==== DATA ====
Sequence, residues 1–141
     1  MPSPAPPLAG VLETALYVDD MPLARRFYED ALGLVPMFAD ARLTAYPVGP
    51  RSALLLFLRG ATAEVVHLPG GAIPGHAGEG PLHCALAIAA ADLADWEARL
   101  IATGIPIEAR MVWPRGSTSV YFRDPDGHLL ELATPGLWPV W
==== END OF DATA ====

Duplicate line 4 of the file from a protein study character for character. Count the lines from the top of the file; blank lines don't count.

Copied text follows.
   101  IATGIPIEAR MVWPRGSTSV YFRDPDGHLL ELATPGLWPV W